It might be hard to remember now, but there was a week late last season for the Redskins where most informed people considered Kevin O'Connell on his way out. The talented young quarterbacks coach was being pursued by Chip Kelly to be offensive coordinator at UCLA, and the smart money suggested O'Connell would take the job. 

Except he didn't. 

O'Connell decided to stay with the Redskins and continue to work on Jay Gruden's staff. In turn, Washington promoted O'Connell to passing game coordinator, a new title that likely means much more involvement in game-planning. 

Working for Gruden comes with some perks. Sean McVay ran the offense for Gruden for a few seasons and landed a prime head coaching job with the Rams. McVay has plenty of his own talent, but throughout the NFL, Gruden's offense is widely respected. 

How will O'Connell's influence shape things this fall?

Consider that he deserves some credit for Kirk Cousins improved play out of the pocket in 2017. Now combine a coach that schemes plays for QBs on the move with new Washington passer Alex Smith, a strong runner and serious athlete, and this offense could look much more mobile in 2018. 

Gruden still has the final call on gameday, but O'Connell's voice will matter this year, more so than before. Bill Callahan and Matt Cavanaugh retain their roles and prominence in the offensive game-planning, for sure, but as Washington imports more run-pass option plays and QB movement, know that O'Connell is playing his part. 

Things will look different with Alex Smith running the Redskins offense than they did with Kirk Cousins at the helm. 

Just remember, O'Connell didn't turn down a job in Hollywood for no reason. 



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Need to Know: The best receivers the Redskins will face in 2018

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Need to Know: The best receivers the Redskins will face in 2018

Here is what you need to know on this Tuesday, July 17, nine days before the Washington Redskins start training camp.  

The five best pass catchers the Redskins will face in 2018

This week we’ll be looking at the best of what the Redskins will face during the 2018 season. Today the pass catchers are up. They are roughly ranked 2017 receiving yards, although I did some juggling based on offseason moves and other factors. Prior to this, we looked at the best teams and quarterbacks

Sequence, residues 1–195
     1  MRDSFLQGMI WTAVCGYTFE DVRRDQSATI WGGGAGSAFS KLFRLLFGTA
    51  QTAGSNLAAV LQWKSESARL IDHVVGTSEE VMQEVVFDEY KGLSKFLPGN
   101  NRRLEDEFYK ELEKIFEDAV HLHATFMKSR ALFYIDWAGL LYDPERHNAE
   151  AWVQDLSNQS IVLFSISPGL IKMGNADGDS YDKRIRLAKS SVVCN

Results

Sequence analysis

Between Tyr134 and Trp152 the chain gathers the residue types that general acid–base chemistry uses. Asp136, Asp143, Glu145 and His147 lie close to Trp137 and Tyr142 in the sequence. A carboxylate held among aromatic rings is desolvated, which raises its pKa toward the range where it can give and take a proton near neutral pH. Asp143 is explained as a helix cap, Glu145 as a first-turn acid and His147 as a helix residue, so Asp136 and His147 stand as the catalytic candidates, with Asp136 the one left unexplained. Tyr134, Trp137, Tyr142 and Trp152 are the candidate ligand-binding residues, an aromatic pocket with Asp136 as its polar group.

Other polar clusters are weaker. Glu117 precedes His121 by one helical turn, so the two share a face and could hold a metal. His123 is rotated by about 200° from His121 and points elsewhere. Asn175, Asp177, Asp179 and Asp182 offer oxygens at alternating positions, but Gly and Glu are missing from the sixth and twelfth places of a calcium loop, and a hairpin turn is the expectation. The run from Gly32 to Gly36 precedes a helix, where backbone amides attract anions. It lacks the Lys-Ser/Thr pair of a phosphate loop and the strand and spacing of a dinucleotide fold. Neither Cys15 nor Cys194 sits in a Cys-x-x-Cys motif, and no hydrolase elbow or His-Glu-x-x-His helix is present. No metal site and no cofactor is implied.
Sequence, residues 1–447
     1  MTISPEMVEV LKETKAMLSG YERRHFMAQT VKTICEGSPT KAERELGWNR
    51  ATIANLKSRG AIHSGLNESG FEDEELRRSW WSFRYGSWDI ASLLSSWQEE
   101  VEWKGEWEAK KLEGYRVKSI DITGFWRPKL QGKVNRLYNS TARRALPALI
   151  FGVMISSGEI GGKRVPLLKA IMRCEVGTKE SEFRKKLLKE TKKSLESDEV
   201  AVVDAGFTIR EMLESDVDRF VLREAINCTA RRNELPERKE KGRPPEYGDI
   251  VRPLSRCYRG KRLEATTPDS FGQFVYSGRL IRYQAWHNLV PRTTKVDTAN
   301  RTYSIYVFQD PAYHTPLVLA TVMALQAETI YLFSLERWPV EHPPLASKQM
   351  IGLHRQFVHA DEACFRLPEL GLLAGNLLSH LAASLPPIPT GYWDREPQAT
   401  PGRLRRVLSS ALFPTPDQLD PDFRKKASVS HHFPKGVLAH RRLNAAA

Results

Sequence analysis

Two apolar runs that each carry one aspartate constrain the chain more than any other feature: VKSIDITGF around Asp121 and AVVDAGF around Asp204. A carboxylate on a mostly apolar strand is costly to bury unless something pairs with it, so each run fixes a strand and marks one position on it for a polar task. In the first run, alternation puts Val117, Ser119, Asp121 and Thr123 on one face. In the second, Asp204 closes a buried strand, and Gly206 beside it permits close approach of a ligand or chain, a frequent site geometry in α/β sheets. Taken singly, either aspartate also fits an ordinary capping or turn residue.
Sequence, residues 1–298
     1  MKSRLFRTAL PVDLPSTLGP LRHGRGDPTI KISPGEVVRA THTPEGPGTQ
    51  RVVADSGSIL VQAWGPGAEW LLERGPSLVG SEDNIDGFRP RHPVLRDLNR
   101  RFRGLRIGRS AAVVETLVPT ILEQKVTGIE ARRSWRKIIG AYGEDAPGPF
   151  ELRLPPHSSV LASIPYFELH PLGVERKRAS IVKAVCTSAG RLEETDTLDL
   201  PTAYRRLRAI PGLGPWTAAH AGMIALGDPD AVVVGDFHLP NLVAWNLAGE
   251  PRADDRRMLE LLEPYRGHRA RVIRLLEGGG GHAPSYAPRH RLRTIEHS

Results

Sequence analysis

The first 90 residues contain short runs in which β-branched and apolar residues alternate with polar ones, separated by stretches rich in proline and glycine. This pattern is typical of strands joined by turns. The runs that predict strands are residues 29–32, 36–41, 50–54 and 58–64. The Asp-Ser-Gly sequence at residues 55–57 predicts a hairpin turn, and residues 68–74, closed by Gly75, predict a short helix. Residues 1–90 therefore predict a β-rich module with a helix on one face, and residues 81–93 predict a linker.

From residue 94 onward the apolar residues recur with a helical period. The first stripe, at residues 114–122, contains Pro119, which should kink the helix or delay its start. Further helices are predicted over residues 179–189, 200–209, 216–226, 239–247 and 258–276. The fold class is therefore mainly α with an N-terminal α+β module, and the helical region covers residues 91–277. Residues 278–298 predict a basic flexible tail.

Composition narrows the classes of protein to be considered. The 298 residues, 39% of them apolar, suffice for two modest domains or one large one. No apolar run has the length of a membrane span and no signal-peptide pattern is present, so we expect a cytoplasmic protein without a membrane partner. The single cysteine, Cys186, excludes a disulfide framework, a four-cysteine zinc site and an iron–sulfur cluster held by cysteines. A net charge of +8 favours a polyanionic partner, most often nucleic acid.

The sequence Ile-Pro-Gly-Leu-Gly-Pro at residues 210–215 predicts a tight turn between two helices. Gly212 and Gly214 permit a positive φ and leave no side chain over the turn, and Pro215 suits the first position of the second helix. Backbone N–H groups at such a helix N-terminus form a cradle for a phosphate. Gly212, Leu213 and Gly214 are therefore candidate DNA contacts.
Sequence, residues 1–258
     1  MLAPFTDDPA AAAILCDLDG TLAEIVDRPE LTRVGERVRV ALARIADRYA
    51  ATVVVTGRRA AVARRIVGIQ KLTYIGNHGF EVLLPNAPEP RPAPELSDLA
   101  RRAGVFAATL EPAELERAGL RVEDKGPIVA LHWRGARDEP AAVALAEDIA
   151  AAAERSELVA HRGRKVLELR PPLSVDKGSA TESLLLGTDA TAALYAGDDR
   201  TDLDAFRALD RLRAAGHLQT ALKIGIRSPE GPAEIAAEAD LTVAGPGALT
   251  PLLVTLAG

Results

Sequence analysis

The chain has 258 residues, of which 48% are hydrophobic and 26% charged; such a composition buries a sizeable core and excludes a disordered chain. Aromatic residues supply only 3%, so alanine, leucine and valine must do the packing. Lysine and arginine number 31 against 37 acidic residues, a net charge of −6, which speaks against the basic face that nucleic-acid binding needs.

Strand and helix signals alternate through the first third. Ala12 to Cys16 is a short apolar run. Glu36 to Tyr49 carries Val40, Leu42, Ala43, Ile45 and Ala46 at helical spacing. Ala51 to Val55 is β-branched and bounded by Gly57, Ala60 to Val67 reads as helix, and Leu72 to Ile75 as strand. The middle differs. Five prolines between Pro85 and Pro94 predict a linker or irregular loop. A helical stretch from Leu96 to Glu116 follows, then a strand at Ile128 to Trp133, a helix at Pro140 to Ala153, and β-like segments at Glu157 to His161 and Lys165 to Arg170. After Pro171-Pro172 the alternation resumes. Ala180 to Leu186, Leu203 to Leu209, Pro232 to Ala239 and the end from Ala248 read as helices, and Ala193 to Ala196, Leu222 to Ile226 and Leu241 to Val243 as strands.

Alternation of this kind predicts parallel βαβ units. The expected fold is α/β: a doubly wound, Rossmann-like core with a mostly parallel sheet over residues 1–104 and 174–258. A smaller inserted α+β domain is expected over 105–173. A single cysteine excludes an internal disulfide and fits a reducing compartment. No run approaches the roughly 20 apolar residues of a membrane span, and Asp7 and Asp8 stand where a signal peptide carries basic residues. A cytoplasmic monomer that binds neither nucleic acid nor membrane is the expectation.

Julio Jones, Falcons—Somehow the perception is that he had an off year in 2017 even though he still had 1,444 yards receiving. His touchdowns were down; his total of three TDs was a career worst for a full season. Still, he’s a beast to try to cover and even if you have him perfectly covered he can still make the catch on you. 

DeAndre Hopkins, Texans—Despite working with some shaky quarterbacks, Hopkins has managed to gain over 1,100 receiving yards in three of the last four seasons. He is a highlight show regular and his 13 touchdowns led the league in 2017. 

Michael Thomas, Saints—The third-year player doesn’t have high name recognition outside of New Orleans and maybe fans of the other NFC South teams. Defensive coordinators certainly don’t sleep on him. Thomas is as consistent as they come, posting nine games with 80 or more receiving yards last season. 

Larry Fitzgerald, Cardinals—I keep wondering when he will show signs of his age (he’ll be 35 before the season starts). He didn’t last year, posting 109 receptions despite the fact that his quarterbacks were an aging Carson Palmer plus journeymen Blaine Gabbert and Drew Stanton. 

Mike Evans, Buccaneers—At 6-5, he is able to physically beat most cornerbacks. Evans will turn 25 just before the season starts and he got a five-year, $82.5 million contract extension. He is worth every bit of it. If Jameis Winston gets a big contract (something that is up in the air right now), he owes a good chunk of it to Evans. 

Best of the rest: T.Y. Hilton, Colts; Davante Adams, Packers; Alvin Kamara (RB), Saints; Zach Ertz (TE), Eagles

Stay up to date on the Redskins. Rich Tandler covers the team 365 days a year. Like his Facebook page, follow him on Twitter  @TandlerNBCSand on Instagram @RichTandler

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Days until:

—Training camp starts (7/26) 9
—Preseason opener @ Patriots (8/9) 23
—Roster cut to 53 (9/1) 46

The Redskins last played a game 198 days ago. They will open the 2018 NFL season at the Cardinals in 54 days.